Of all the excellent fine dining experiences I’ve had worldwide, The Restaurant at Zero George is easily one of the top five best meals I’ve ever had, alongside Syoka, Kin Toh, Clay, and Vegan’s Prague. This time was just as splendid as the last time we dined there, and it was yet another beautiful candlelit night to remember, surrounded by Charleston’s charming architecture.
Location: Charleston, SC
Near Zero George Hotel
Address: 0 George Street
Charleston, SC 29401
Food Type: Tasting Menu
Meal Duration: 2 – 2.5 Hours
Dining Experience: Indoor or Outdoor
Price: $150+ per Person
($100 cancellation fee per person)
Dress Code: Business Casual +
Special Diets: Pescatarian or Vegetarian
Ambience of The Restaurant at Zero Geroge
Located inside a historic single-row house built in 1804, The Restaurant at Zero George offers guests a six-course tasting menu with complimentary appetizers for a total of seven courses. We’ve dined outdoors each time we’ve visited, with a gorgeous view of the hotel and restaurant’s courtyard, palm trees, and the rest of the restaurant’s porch. It had just rained, and the sun was setting as we sat down, giving us a very romantic and vivid sunset over Charleston to enjoy with our first few courses.
We went for the standard six-course tasting menu. We had the option to add a caviar course, but as that’s served on one’s hand without the option to be served in a dish, according to our server, it didn’t appeal to us as I’m deeply germaphobic, haha. However, it turned out to be plenty of food without that course, and each bite was better than the last.
Some of our meal was similar to our last visit and was just as good as we remembered! Explore our previous visit here. First, we were presented with a selection of appetizers, which are pre-fixed and served together for a delightful journey through various culinary styles and techniques. Every single one of these that we tried was exceptional! Rolls, Frozen Summer Garden, Potted Plant, Oysters, Cigar with beet ash, Crab Doughnut, Prawn Toast, Buñuelo & a Century Egg comprised our appetizers. The century egg was my favorite, but the presentation of each was splendid and creative!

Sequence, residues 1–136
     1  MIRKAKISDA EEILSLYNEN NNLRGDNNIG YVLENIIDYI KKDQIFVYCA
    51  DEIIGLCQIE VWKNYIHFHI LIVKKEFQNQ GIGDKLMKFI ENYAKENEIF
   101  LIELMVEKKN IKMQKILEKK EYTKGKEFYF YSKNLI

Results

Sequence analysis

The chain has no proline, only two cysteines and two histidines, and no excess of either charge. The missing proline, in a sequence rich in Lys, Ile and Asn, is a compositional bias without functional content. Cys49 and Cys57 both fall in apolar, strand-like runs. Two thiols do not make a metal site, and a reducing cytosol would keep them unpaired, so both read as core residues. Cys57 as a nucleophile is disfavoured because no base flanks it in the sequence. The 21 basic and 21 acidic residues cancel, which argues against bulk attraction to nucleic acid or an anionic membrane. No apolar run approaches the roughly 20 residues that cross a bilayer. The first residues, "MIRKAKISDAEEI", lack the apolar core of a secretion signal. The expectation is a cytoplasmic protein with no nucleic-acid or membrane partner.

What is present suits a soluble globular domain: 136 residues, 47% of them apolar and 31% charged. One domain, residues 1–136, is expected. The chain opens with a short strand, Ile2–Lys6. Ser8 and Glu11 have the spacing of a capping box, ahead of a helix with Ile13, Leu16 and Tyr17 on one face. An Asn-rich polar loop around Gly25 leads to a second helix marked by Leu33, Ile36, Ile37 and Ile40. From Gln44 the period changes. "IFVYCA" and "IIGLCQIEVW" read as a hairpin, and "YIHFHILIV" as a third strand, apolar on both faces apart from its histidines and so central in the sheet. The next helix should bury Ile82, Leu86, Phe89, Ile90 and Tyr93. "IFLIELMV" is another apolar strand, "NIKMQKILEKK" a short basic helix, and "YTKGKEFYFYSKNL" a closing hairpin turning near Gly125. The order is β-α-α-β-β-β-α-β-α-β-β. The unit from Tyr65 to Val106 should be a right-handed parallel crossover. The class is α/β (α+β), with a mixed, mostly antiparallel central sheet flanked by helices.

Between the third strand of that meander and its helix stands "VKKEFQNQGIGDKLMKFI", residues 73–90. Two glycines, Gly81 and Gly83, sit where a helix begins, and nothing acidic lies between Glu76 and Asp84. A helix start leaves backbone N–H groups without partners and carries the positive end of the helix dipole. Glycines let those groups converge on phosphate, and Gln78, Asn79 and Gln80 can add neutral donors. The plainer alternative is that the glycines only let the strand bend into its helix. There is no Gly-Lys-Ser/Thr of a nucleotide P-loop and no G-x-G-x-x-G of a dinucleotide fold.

Our first course was Ocean Trout with shiso, nori, and apple with nasturtium leaves. This was my favorite course of the evening. It was so rich and decadent, cool and flavorful, and the fish was perfectly prepared and incredibly delectable. If they’d served me only this and the century egg, it would’ve been worth the price, but true to form, The Restaurant at Zero George had far more than that in store for us.
Next, we had the Raviolo. I love that they got the Italian correct on this, as it truly is just one giant ravioli filled with butterkin (a hybrid of butternut squash and pumpkin), chestnut, and trout roe served in a broth with gold flakes. The blend of textures, like the soft squash interior and the crunch of the chestnut, and the combination of sweet and salty was decidedly inspired. This was my husband’s favorite course; the vegetable broth was divine. It tasted like everything best about autumn, and it smelled like a soup my mother used to make when I was young, so it felt very nostalgic and comforting.
The Snapper with royal red shrimp, cabbage, and anchovy was out of this world delicious. This dish’s silky sauce had a vibrant and complex cheesy flavor that seamlessly blended the earth and sea. I’m such a fan of decadent seafood dishes like this one that effortlessly weaves temperatures, textures, and flavors.
As a supplement to the final food course, typically a beef or wagyu course, we were served a maitake mushroom dish that was smoky and complex with a sauce reminiscent of enchiladas we had in Tulum on our last visit. This was some of the best-prepared mushrooms I’ve ever had.
Sheep’s Milk was our first of two dessert courses. This blends shishito, sheep’s milk, and vanilla into a creamy, custard-like dish that’s light, refreshing and perfectly balanced.
Tres Leches is The Restaurant at Zero George’s signature dessert, which we also had on our last visit. Honeycomb, young coconut, and thick, rich handmade ice cream finish the tasting menu delicately without being too sweet or overwhelming.
To end the evening, we were given one additional farewell treat, which was chef Vinson Petrillo’s take on chips and dip, but made sweet. The chips were made of chocolate and sesame seeds, while the dip was entirely sweet and had a slight caramel flavor.
Everything here was splendid, just like last time. Each course was distinct and inventive. We were encouraged to use our hands at the start and end of the meal, so be sure to wash your hands before you dine or in between taking photos. This is a truly unique and memorable experience in Charleston, and one we won’t soon forget.